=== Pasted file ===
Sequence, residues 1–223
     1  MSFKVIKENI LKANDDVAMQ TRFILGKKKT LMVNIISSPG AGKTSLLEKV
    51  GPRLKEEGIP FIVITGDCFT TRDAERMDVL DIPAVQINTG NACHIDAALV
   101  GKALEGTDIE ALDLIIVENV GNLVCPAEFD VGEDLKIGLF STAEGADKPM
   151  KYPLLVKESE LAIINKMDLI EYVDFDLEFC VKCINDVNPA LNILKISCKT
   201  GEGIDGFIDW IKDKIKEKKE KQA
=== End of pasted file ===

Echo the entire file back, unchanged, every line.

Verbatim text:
Sequence, residues 1–223
     1  MSFKVIKENI LKANDDVAMQ TRFILGKKKT LMVNIISSPG AGKTSLLEKV
    51  GPRLKEEGIP FIVITGDCFT TRDAERMDVL DIPAVQINTG NACHIDAALV
   101  GKALEGTDIE ALDLIIVENV GNLVCPAEFD VGEDLKIGLF STAEGADKPM
   151  KYPLLVKESE LAIINKMDLI EYVDFDLEFC VKCINDVNPA LNILKISCKT
   201  GEGIDGFIDW IKDKIKEKKE KQA